Justice S. Nanda of the Telangana High Court refused to set aside a compensation award made in November 2022 under the provisions of the Right to Fair Compensation and Transparency in Land Acquisition and Rehabilitation and Resettlement Act. Possessors of 15 flats in Lakshmi Towers at Amberbet, Nallakunta, filed the writ petition challenging the acquisition of their dwelling areas for road widening purposes. It was contended that a proper notice was not given and the award is liable to be set aside. It was also contended that the award was without considering the various objections raised on the issue. They said that the award was contrary to the procedure made under the law. It was also alleged that of the 600 sq.yds only 543 sq.yds were calculated, and apportionment was only to the extent of 460 sq.yds. They contended that even according to the sanctioned plan, the net plot area was 541 sq. yds. Justice Nanda, however, pointed out that Section 64 of the Right to Fair Compensation Act provided a remedy to persons aggrieved by the award to the statutory authority. The court also relied on rulings of the apex court while dismissing the writ petition. However, liberty was given to the petitioner to approach the appropriate authority and raise all issues put before the statutory authority.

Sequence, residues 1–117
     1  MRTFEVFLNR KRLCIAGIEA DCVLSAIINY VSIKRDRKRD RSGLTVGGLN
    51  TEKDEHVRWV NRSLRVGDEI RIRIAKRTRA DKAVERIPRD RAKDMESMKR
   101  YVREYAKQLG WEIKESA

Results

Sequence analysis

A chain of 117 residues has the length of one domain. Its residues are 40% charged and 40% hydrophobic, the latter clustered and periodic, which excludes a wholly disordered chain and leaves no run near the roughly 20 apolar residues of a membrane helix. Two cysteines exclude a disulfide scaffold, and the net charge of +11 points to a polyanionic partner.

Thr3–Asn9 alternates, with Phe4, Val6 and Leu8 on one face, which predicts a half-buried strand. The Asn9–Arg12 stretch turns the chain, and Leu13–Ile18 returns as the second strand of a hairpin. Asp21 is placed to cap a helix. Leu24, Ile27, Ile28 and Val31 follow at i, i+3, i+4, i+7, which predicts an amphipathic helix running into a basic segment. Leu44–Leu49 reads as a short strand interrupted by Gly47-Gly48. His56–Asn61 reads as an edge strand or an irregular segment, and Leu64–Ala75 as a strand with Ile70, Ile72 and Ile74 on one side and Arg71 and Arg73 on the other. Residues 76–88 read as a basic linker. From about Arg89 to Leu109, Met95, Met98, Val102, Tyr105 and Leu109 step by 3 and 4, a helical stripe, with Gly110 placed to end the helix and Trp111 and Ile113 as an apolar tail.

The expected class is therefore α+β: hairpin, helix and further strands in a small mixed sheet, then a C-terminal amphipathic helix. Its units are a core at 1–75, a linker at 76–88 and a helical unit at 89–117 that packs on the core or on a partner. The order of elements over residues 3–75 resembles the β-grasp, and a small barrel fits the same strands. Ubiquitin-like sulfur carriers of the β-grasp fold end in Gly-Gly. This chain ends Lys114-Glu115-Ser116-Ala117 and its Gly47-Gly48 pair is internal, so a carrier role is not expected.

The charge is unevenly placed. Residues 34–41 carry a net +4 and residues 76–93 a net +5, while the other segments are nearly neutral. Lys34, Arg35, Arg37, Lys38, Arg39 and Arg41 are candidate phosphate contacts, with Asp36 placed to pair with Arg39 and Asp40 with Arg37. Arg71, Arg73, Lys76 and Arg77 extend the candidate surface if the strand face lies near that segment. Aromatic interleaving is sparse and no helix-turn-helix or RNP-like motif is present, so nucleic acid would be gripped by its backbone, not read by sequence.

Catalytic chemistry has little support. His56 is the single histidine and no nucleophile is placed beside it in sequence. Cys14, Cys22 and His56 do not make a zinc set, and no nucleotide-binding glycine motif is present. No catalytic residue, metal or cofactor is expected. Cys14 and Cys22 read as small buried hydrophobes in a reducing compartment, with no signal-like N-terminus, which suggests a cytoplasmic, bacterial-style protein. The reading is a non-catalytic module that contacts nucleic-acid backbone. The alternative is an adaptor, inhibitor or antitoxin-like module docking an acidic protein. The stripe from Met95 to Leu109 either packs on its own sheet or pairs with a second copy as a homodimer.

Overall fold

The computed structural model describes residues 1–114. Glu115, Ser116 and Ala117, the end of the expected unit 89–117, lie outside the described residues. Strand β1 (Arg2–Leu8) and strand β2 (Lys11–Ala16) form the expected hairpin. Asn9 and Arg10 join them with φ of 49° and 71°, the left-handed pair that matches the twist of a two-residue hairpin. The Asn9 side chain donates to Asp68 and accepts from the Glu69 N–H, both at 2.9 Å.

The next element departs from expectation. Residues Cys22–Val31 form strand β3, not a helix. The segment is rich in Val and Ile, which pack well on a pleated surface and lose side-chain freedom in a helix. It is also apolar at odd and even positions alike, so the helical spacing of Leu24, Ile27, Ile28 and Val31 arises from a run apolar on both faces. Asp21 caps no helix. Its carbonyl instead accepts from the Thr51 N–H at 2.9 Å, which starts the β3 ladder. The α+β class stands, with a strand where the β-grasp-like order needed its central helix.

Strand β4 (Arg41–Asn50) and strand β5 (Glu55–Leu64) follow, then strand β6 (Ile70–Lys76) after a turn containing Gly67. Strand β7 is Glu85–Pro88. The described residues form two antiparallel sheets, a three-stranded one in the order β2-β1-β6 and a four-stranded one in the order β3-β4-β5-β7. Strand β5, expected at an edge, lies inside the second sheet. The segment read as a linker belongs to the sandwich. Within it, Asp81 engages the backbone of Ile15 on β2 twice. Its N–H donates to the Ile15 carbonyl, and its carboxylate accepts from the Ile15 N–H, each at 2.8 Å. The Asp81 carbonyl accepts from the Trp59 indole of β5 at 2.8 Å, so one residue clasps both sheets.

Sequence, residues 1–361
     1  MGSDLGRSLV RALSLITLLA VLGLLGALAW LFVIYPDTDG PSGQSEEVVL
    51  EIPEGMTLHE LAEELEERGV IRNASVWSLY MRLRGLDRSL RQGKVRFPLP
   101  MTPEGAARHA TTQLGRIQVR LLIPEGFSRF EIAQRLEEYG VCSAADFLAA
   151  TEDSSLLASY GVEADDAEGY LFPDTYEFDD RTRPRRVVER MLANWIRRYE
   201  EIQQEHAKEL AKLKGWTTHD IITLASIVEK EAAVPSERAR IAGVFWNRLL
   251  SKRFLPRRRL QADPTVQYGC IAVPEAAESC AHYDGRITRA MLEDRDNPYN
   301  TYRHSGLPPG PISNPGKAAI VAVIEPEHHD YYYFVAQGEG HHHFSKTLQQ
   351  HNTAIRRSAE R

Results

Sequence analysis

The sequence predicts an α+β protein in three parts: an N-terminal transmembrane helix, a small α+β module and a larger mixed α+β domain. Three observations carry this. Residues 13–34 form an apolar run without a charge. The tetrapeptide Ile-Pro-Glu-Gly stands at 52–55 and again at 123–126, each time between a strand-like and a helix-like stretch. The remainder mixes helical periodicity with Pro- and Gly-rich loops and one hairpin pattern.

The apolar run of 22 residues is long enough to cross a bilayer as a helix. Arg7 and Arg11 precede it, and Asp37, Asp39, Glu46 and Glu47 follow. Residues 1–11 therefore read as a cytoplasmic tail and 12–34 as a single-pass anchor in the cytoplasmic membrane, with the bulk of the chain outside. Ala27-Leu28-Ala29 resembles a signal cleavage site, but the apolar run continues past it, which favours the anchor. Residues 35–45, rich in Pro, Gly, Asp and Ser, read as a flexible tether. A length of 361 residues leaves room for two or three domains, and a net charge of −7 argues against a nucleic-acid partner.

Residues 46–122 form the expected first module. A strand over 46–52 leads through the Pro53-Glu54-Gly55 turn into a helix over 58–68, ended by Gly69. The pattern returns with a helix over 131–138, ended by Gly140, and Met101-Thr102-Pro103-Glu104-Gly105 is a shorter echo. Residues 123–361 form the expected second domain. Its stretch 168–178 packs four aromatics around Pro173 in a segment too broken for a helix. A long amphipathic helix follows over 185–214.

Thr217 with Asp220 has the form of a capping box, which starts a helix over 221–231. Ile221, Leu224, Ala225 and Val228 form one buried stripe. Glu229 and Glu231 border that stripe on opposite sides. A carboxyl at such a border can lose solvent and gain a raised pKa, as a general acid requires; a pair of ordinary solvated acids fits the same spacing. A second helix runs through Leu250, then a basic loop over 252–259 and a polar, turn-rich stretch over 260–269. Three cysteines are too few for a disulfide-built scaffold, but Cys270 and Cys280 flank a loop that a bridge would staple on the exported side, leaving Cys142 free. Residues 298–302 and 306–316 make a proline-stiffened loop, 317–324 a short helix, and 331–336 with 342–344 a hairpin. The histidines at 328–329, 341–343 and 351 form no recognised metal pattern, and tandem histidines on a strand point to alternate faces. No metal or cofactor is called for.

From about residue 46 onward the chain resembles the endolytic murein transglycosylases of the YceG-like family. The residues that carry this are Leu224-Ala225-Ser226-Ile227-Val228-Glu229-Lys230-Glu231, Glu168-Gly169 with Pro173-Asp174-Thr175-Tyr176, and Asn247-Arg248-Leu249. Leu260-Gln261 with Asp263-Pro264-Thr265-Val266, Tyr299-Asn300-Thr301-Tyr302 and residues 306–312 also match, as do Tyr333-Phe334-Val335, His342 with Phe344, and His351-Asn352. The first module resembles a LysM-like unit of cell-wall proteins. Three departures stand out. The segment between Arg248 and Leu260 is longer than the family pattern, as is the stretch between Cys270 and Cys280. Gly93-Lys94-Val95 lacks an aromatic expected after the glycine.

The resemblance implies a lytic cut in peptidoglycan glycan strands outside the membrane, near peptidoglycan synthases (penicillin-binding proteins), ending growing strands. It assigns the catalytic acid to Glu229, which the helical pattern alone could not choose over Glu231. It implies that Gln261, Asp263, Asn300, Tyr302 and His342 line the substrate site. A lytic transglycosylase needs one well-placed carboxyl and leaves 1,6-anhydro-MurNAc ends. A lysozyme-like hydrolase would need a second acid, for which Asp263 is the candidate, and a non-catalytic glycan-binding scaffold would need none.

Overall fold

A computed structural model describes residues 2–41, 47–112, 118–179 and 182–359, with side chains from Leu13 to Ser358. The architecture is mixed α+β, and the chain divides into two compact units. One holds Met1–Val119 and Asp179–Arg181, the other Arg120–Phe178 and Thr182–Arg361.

Student entitled to corrected answer script: HC